Last night Jehn Landau left Lancaster
for Otav, California, where he will be
employed In the Jeweling department of
the Otav watch factory. This factory has
Just started. It IniHi'ighty-fHe men en the
roll, iiiMIh coir tanllj taking en new ener
Mi. Laildau learned 111 tiadb iu dm watev
factory Ih tbliUty.
AN EDITOR MARRIES.
MR. W. I.YES GRIE1 AM) MISS AMIE V.
rATTON AT iVMEVS ALTAR.
The Marriage Solemnized In the Metho
dist Church llefbre a Large Assem
blage Of Prominent People.
Columbia, June 13 There have been few
events In society circles of Columbia that
have been se largely looked forward te as
the marrlage of Miss Annle Virginia Pat Pat
ten te William Hayes Grler, which oc
curred last evening at 8 o'clock. The wed
ding took place in the Mothedlnt Episcopal
church In tbe prescnue of ene of tbe most
fashionable gatherings evor secn in that
edifice. The wedding has never been ex
ceeded In brilliancy iu Columbia, and was
the crowning society ovent of the year.
Miss Patten Is the daughter of Gen. Wil
liam Patten, ene of the most prominent
iron masters of Pennsylvania The groom
Is the editor or the Columbia Independent.
Is widely and favorably known In Grand
Army circles and sorved several terms iu
lmiKirtant slate offices, notably as super
intendent of state printing. A large num
ber of Invitations had been Issued, and there
were guests present from all ever the state.
The bridal party entered the church at 8
o'clock, te the strains of the 1ohengrln
bridal inarch, In the following order, and
formed a plcturcsque group around the
chancel : L. K. Feu Dersmlth and W. II.
Fendrlch, Columbia; Churles W. Few,
Lebanon ; Win. II. Farles, Williams Williams
pert, ushers ; Miss Nellie F. Patten,
Columbia, and Miss Aunie Few,
Lebanon, cousins or me undo, brides
maids; Miss Jesephine Patten, Bister of
the bride, maid et honor, and the brlde
leaning en arm of her father. The
groom entered from the right of
thu chancel, and In the absence of
his best man, who Is seriously ill,
was escorted by Rev. Geerge Gaul, pastor
of the church. The ceremony was per
formed bv Rev. Gaul with the rlnc. In ae-
cord with the ritual of the Methodist Epis
copal church, Gen. Patten presenting his
daughter. At the conclusion or the cero cere cero
meny Mcndolsselin's'woddlng march was
played and the bridal party retired from
Tbe brlde were a gew u of white fatlle
and Duchess lace, with diamond, pearl and
turquels ornaments, the gifts of the groom.
Miss Jesephine Patten wero a gown of
white silk and mousselene de sole. Miss
Nell Patten were a gown of white mull.
Miss Few were a gown of pink albatross
trimmed with tulle. The groom and
ushers were attired in the full dress con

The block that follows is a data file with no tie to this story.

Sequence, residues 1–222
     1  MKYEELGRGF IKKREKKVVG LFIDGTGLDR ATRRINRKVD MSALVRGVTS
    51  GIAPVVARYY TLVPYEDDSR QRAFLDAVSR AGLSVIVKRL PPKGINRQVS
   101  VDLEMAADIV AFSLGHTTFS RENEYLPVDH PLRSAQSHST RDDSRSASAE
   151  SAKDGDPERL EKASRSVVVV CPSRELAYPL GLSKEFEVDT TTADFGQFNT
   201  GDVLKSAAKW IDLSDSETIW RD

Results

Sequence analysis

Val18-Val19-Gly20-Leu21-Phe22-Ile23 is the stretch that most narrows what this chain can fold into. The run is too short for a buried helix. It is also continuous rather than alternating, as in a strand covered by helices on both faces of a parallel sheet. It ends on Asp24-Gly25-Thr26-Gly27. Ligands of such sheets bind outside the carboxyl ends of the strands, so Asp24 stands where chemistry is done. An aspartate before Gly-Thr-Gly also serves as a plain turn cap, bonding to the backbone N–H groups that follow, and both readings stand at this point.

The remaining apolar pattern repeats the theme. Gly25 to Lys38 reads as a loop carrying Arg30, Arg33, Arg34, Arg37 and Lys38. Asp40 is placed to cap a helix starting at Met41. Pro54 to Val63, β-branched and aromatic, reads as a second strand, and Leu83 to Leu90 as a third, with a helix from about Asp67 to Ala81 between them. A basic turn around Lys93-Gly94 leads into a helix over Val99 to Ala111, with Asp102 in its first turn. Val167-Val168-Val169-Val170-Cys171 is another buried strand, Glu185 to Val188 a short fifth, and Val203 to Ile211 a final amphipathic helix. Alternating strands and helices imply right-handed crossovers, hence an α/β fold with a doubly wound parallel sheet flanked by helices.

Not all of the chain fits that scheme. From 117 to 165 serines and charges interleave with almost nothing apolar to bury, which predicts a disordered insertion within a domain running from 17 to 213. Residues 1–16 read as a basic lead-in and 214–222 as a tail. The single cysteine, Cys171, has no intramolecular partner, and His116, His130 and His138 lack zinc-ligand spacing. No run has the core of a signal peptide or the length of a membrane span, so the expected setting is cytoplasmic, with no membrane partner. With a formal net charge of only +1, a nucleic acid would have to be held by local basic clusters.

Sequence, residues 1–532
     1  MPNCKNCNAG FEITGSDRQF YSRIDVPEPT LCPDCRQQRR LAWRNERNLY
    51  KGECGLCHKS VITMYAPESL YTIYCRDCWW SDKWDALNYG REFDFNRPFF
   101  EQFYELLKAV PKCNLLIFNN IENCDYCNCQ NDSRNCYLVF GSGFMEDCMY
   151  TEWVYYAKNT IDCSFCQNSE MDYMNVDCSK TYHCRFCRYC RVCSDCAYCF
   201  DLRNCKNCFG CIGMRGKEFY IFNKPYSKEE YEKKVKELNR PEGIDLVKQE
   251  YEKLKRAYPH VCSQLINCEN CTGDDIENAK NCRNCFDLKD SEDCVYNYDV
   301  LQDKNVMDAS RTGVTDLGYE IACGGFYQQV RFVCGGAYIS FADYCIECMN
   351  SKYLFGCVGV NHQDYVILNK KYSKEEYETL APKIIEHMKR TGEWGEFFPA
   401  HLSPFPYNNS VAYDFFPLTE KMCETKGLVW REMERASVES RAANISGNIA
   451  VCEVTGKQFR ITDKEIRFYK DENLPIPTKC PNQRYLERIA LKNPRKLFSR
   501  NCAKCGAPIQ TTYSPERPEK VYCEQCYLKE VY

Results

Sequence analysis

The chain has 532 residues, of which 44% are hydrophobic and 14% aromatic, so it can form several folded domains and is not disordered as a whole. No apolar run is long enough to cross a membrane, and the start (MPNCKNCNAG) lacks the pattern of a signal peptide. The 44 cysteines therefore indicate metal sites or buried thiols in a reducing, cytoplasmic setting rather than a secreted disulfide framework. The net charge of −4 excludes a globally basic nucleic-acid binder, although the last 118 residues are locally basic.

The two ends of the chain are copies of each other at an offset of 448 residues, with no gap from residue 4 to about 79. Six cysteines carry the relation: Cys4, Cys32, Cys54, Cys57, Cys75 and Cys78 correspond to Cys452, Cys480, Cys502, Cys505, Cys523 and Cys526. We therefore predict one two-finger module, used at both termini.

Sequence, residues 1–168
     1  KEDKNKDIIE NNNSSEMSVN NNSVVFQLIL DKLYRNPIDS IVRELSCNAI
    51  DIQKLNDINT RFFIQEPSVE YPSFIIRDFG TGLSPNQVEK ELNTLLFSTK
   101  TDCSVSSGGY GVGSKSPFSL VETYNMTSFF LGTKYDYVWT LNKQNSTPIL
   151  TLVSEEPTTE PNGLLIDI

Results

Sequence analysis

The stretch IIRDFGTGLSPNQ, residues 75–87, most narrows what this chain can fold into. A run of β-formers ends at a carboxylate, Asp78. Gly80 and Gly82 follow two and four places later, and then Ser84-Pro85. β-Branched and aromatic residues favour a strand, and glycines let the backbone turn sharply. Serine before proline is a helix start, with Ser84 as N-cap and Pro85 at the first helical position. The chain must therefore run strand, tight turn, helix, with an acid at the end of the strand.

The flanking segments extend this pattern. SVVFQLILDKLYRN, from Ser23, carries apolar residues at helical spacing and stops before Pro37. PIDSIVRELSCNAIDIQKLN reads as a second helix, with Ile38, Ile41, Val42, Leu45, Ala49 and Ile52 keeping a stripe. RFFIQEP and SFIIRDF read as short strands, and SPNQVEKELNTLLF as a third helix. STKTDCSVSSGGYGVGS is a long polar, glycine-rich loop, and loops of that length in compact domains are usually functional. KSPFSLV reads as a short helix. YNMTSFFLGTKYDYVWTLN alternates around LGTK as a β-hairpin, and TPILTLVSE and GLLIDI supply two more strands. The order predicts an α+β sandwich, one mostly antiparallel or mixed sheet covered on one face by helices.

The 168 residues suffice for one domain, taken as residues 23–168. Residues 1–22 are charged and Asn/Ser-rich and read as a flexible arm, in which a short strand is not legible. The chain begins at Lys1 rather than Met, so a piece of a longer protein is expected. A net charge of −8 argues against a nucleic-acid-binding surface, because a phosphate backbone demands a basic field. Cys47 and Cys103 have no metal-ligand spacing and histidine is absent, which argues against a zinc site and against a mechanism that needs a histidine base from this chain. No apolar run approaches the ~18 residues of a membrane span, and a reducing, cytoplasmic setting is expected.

Frem 0 te 11 o'clock a reception was ten
dered at the Patten mansion, en Second
street. The spacious heuse was brilliantly
Ut up, and flowers and palms occupied
every nook and corner. The lawns, al
ready beaiitifiil,had new charms added and
were brilliantly lighted and fitted up. The
chef of the Hamilton club.er Lancaster, was
the caterer of the occasion and a select or
chestra discoursed music.
Among the guests from abroad were :
Jehn E. Malene, esq., Hen. J. L. Stelnmetz
and Mrs. Stelnmetz, Majer A. C. Relneehl
and Mrs. llelncchl, W. U. Hensel, esq., J,
Hay Brown, esq., Edmund North, esq.,
Hen. J. B. Livingston and Mrs. Livingston,
Hen. D. W. l'uttersen, R. B. Risk, B. F.
Davis, esq., Geerge M. Kline, esq., D. G.
Kshleman, esq., A. J. Stclnmun, esq., Mr.
JohnCenloy and Mrs. Conley, B. J. 51c
Grann, Miss BeckioSlaymaker, Mr. Luther
Feu Dersmlth and Mr. Frank Fen Dor Der
smlth, of Lancaster; Dr. J. II. Grler and
Mrs. Grler, Oriele, Lvremlng county;
Jehn W. Grier. editor of the Jcrsey Shero
Vidctlc; City Engineer Fairies and Mrs.
Fairies, William Q. Gelse, Miss Mamie
Gelso, Miss Blanche Quigley, Williams Williams
pert ; Mrs. Harriet Few, Christian Shenk,
Jacob Shenk, Jacob De Huff, J. A. Frantz
aud Mrs. Frantz, Lebanon ; Mrs. Jehn Q.
Denny, Harrlsburg, and Auditor General
At the clese or the reception a special
train was run ever the Pennsylvania rail
road te points Eist, rer theaccomiuedatloii
or the bridal party and guests from abead.
The bridal tour will Include Washington,
Richmond, Old Point Comfert aud ether
nie urine was me recipient, ei very many
elegant and costly gifts.
ratal Accldeut te a Uey.
Harry Shlnten, a six-year-old son of
Isaiah Shlnten, or Union strcet.uear Sixth,
met with un accident yesterday afternoon
which resulted in his death. The boy was
playing about a shirting train or the Chest
nut Hill Iren OroceiniHiny and hud been
sent away by seme empleyes. He then
get en the root beard or the locomotive and
was unnoticed by the men. His root was
caught In the tracks and he was pulled
from the ongiiie along the tracks. His right
leg and left root wero badly mangled
and he received Internal injurles. Dr.
Tayler gave him all possible attention,
but he was past all hope aud his death
occurred last night at 8:30 o'clock.
Deputy Corener Hershey whs notified
and empannclled ft jury. After liearlng
the ovldenco the jury decided that the
"death resulted rrem Injurles accidentally
recclved en n locomotive or the Chestnui